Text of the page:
The lecture is devoted to non-existing objects and mythical figures that have resulted from a mistake or a coincidence.
A scribe’s mistake during the rule of Pavel I led to the emergence of a lieutenant named Kizh. The emperor liked him so much that every day he promoted him to a higher rank, until the baffled court had to tell him that Kizh had died. Similarly, in the 1990s, an incorrect translation of Deleuze and Guattari’s Anti-Oedipus led to the emergence of a previously unknown philosopher named Yukst. Unlike Kizh, Yukst did not die, but turned into a virtual demon of a new reality, a creator of simulation flows that produced semiotic systems and hybrid phenomena—an irrational pseudo subject of perception, who possessed universal knowledge.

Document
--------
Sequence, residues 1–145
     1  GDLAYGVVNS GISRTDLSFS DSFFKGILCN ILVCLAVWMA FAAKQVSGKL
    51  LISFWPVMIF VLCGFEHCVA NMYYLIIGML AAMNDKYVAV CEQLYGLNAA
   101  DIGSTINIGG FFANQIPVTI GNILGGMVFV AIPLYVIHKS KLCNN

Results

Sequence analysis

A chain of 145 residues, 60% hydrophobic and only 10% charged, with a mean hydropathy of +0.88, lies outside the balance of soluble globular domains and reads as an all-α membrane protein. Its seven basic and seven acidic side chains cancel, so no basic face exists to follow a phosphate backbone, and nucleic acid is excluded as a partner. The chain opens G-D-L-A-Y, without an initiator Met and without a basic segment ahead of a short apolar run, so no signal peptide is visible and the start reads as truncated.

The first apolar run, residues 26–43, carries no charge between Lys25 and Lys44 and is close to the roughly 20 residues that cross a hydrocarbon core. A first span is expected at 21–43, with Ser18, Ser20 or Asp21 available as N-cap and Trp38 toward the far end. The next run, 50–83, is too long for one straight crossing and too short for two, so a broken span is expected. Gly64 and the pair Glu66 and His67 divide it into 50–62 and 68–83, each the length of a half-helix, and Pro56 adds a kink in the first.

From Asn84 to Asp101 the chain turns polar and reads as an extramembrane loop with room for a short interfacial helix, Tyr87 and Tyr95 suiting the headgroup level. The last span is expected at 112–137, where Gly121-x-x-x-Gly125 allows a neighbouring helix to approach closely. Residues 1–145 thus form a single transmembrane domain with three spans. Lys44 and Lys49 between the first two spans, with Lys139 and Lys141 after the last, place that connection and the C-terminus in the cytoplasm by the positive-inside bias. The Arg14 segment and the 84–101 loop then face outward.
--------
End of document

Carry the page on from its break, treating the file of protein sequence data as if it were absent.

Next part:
‘What happens on the other side of the truth, not in what would be false, but in what is more true than the true, more real than the real? Bizarre effects certainly, and sacrileges, much more destructive of the order of truth than its pure negation. Singular and murderous power of the potentialization of the truth, of the potentialization of the real. This is perhaps why twins were deified, and sacrificed, in a more savage culture: hypersimilitude was equivalent to the murder of the original, and thus to a pure non-meaning.’ (Jean Baudrillard. Simulacra and Simulation)